"Absolutely I’m interested. I kind of needed some time to reflect after the World Cup. I’ve been in touch with Sunil and had several conversations, all very positive."
When this possibility first surfaced immediately following his outstanding job of guiding Germany to the late stages of the World Cup, I was immediately for it. With the unimaginative job that Bruce Arena had turned in, I thought his willingness to shake things up was just the thing to keep U.S. Soccer from backsliding.

I still think he would be a good option, but I've had a lot of conversations about this with some very savvy soccer friend, and now I don't think he's the only option that can ensure building the program. Other interesting names, like Jose Peckermann, have surfaced. His work with the Argentine youth system alone bears a good long look. His only downside would be his lack of knowledge of U.S. soccer in general, but he wouldn't be afraid to make everyone earn a spot (I'm looking at you prima-Donovan).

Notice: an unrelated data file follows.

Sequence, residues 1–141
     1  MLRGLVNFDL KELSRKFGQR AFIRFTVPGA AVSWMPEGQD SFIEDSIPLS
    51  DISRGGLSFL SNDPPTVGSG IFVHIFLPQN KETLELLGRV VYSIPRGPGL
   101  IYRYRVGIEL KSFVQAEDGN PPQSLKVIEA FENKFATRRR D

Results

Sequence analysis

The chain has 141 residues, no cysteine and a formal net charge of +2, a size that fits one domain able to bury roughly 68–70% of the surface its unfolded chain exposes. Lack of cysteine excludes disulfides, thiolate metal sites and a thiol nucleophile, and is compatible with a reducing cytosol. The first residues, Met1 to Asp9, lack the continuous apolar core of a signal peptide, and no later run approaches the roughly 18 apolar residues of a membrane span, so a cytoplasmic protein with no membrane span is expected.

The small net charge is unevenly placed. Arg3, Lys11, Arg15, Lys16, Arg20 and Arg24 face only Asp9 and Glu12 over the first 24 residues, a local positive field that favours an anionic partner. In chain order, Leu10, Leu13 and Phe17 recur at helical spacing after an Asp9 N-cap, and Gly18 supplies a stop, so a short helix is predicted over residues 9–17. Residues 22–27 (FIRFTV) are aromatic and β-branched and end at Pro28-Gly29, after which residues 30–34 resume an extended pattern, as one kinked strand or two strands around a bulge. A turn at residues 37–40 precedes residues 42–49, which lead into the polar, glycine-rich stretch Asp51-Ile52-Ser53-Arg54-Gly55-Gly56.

A lot of folks also still think that the coach will have a more American flavor. (Klinsmann at least lives in California.) Of the best candidates in this pool, I think Peter Nowak, current coach of DC United, and Steve Nicol of New England are the best bets.

So that gives you a pool of what are probably the top four choices from Sunil Gulati will choose next month. What do I think? I would be very happy with either Klinsmann, Pekermann, or Nowak. Although each of these candidates is very different, they could all improve the standing of the game and the U.S. and the performance of the U.S. teams.